Bruce Lear reviews how Republican-backed laws have adversely affected Iowa schools.
There’s some real obscenity in Iowa public schools, but it’s not the kind Iowa Senate President Jake Chapman has been ranting about.
Speaking in November at a packed school district meeting in Johnston, Chapman complained about two books and said he is drafting a bill to create a felony offense for distributing what he considers to be obscene material. Never mind that Iowa already has a number of laws about the distribution of real pornography. Chapman sees a need to single out teachers and librarians for making books he doesn’t like available to high school students.
Like most wannabe book banners, Chapman probably hasn’t read the supposedly offensive books. He is also using public schools (which should unite communities) to further divide us.
No, the obscenity is not in these books that Chapman doesn’t like. The real obscenity is what Republican legislators have done to Iowa schools. Here are some examples of the attacks on public schools, which are emptying classrooms of dedicated, teachers. U.S. Supreme Court Justice Stewart Potter famously said when deciding a pornography case, “I know it when I see it.” Let’s review the GOP’s record toward public schools and teachers.
The gutting of collective bargaining in 2017 left educators with little to no voice in their daily professional lives. That law ripped apart more than 40 years of bargaining history, and caused wages and benefits to stagnate or plummet.
Bargaining was once a place to discuss real issues, but under the new law it quickly morphed into a one-sided speech by management lawyers, and allowed the district’s first offer to become its final one with little discussion. Real problem solving is gone, especially in Iowa’s smaller school districts.
On top of silencing professional voices, Republican legislators thought they’d break public sector unions by requiring them to recertify every year. Even though the voting rules are unfair (counting bargaining unit members who don’t participate as votes against the union), 99 percent of education associations survive.
In this year’s legislative session, the GOP again attacked public schools. First, they tried to pass a voucher scheme that would siphon public money to private schools. Some rural legislators balked because they understood the plan could leave rural Iowa as an education desert, with no private school and a weakened public one.
When vouchers lacked enough support to pass, Republicans settled for a bill allowing for-profit “charter schools,” with little relationship to the community, and no oversight from the elected public school board.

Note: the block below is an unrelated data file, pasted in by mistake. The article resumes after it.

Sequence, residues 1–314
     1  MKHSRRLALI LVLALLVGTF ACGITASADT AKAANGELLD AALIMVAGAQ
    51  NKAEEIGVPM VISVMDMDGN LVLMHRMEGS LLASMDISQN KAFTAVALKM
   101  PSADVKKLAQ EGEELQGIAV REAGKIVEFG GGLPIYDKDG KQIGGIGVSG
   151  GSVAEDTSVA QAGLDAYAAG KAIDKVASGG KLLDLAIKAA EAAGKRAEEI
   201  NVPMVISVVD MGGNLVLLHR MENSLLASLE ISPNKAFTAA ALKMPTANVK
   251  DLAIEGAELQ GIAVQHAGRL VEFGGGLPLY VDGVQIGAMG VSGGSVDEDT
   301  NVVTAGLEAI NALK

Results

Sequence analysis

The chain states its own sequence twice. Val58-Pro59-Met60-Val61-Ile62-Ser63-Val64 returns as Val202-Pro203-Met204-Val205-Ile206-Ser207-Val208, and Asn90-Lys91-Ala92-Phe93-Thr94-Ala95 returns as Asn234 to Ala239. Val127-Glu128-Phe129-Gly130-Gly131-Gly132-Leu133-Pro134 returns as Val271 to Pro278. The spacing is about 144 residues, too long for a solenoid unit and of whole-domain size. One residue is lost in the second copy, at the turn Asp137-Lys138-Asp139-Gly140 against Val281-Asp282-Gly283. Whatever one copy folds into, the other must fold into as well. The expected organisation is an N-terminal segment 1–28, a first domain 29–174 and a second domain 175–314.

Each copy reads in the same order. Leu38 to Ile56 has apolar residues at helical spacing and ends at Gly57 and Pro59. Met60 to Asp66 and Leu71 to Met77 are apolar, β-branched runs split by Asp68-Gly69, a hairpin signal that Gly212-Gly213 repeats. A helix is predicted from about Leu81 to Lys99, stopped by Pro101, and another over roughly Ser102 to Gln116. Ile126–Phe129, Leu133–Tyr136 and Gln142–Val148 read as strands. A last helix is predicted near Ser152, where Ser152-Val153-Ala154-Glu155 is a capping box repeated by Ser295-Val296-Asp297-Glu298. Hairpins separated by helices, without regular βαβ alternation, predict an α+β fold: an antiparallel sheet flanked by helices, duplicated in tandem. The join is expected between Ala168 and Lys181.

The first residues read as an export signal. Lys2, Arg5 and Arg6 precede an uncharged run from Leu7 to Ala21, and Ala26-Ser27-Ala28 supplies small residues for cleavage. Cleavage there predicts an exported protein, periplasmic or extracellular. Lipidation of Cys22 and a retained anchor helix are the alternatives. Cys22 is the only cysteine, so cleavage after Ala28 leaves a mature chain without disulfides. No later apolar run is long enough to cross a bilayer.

Not only did they underfund public schools, they meddled in curriculum. One example was passing a law that allowed a small percentage of those voting in the last school board election the right to demand a hearing about any aspect of curriculum. While that school board hearing is pending, the curriculum in question can be suspended.
So, instead of putting the burden on a parent to meet with the teacher and discuss concerns about what’s being taught, it’s easier now to scream at a board meeting and put everything on hold for a whole class. It’s absurd and obscene.
But it didn’t stop there. The majority party couldn’t quite define critical race theory, but they heard the shouts of right-wing media so they drafted a bill on “divisive” topics, later renamed “specific defined concepts.” Here’s what cannot be discussed in any government-mandated diversity training:
- The U.S. or state of Iowa is fundamentally or systemically racist or sexist;
- An individual by virtue of race or sex is inherently racist or sexist or oppressive either consciously or unconsciously;
- That anyone should feel discomfort, guilt, anguish or any form of psychological distress because of one’s race or sex.
It’s no secret these laws have contributed to Iowa’s shortage of regular and substitute teachers.
We can do better. Educators and parents need to put a stop to the obscenities before our public schools cease to be the center of our communities.
Bruce Lear lives in Sioux City and retired after 38 years of being connected to public schools. He was a teacher for eleven years and a regional director for the Iowa State Education Association for 27 years.